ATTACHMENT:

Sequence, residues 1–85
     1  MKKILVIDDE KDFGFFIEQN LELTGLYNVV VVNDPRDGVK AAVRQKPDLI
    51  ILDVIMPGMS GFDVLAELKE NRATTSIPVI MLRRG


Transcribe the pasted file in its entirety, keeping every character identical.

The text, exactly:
Sequence, residues 1–85
     1  MKKILVIDDE KDFGFFIEQN LELTGLYNVV VVNDPRDGVK AAVRQKPDLI
    51  ILDVIMPGMS GFDVLAELKE NRATTSIPVI MLRRG